Yes, working from home part of the week is not for every person, company or industry. But it has incredible productivity benefits. You feel more refreshed, relaxed and productive, and have so much extra time to manage work/life balance issues.
Higher rates of telework should be a Federal, State and Local government priority. It would help workers, reduce traffic congestion, lower company costs, encourage more workers to live in regional centres, and help suburbs during the work day as more business takes place outside the city.
5. Limit communication
We’ve been brainwashed into believing more communication is good. More emails (copied to more people), more meetings, more performance reviews, more messages from the CEO and so on … the result is we spend too much time talking about unnecessary things, and not enough time working.
Concise, targeted, effective communication is vital. But how many people reading this blog waste a day each week in useless, poorly run meetings, or dealing with excessive company email? How many companies make a serious attempt to reduce the number and duration of meetings, and their email obsession?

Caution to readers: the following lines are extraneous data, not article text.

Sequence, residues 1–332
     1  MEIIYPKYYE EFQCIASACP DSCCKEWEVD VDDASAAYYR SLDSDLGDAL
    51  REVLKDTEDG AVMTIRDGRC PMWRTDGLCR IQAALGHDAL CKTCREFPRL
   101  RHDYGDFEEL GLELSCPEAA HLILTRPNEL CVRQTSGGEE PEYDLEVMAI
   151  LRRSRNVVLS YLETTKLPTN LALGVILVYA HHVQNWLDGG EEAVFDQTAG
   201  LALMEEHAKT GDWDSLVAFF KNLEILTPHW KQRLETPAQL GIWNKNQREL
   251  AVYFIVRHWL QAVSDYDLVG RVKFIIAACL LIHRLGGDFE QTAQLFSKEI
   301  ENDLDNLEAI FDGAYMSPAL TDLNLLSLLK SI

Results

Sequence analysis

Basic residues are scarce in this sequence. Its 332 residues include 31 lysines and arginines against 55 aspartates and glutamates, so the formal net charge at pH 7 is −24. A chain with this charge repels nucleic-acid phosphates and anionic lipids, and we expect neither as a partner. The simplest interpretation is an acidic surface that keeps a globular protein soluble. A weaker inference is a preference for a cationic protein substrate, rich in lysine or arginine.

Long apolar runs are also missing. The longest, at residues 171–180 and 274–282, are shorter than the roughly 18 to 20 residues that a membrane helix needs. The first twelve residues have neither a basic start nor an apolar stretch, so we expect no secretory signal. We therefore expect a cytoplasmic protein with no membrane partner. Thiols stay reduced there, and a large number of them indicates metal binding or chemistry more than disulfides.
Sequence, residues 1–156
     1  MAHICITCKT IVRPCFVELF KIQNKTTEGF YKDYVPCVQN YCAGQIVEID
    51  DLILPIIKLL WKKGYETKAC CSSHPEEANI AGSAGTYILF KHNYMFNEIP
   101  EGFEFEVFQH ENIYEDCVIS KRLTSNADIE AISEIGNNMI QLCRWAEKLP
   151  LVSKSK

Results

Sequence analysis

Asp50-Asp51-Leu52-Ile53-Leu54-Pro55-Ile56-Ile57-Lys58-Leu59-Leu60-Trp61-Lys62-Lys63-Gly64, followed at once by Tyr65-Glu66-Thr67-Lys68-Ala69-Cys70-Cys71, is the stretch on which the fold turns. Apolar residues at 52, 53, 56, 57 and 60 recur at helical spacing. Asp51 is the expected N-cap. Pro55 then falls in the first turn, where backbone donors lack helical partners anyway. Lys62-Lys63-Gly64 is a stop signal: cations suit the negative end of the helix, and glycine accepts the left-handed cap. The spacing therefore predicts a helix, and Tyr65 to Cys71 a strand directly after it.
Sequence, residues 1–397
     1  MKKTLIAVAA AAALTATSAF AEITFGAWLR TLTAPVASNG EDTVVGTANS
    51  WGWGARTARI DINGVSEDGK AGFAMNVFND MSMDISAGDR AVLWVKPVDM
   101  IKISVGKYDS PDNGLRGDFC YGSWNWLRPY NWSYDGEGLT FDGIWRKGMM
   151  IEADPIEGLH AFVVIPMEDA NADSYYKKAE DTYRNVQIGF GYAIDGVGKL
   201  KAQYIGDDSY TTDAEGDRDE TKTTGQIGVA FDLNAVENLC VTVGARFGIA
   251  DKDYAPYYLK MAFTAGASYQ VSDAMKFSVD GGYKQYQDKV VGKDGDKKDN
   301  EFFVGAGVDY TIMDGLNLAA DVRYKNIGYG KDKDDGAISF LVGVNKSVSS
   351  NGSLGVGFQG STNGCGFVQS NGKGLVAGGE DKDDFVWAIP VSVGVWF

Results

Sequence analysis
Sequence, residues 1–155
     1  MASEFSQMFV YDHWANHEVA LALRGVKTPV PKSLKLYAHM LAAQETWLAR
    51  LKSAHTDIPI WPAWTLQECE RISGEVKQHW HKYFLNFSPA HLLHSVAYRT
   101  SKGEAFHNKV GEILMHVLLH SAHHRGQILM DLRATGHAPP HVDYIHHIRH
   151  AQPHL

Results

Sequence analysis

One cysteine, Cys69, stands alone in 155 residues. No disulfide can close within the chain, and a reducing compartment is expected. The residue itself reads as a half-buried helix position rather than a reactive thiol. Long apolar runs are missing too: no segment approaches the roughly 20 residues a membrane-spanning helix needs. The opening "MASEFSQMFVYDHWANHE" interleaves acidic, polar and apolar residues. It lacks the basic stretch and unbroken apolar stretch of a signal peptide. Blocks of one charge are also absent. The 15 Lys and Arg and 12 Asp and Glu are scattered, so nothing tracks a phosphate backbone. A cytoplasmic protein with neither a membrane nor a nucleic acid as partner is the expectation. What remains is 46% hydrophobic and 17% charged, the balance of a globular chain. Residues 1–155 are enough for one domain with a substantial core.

My guess is many white-collar employees could achieve the second part of the productivity challenge – reducing work hours by 20 per cent – simply by stripping out unnecessary work tasks.
6. Turn staff into productivity experts
Why not ask workers, who know their job better than anyone, to find ways to become more productive? Then train staff to identify and implement productivity gains, and ensure managers lead by example in the 20/20 productivity challenge.
Surely the key to unlocking higher productivity is not only by thrusting goverment policy or extreme corporate change on workers, but by encouraging staff at every level to find gains. If Germany can manage it, why can’t Australia, with some foresight, leadership, safeguards and trust?
7. Create the right incentives – share some of the gains
A final thought: if your boss said you could have a long weekend every week, at full pay – provided you achieved 20 per cent higher output – what would you do? Put your head down to get through the extra work each week to have that cherished three-day weekend? Cull any unnecessary work task that got in the way of achieving your measured 20 per cent extra output?
My guess is you might even work fewer hours – while still achieving 20 per cent higher output – because you’re a more refreshed, relaxed and looking forward to work. But without the right incentives (or any at all in some companies) why would workers look for productivity gains?Seven ways to easily slash your hours and turbo-charge your productivity
Tony Featherstone is a specialist writer on small companies and entrepreneurs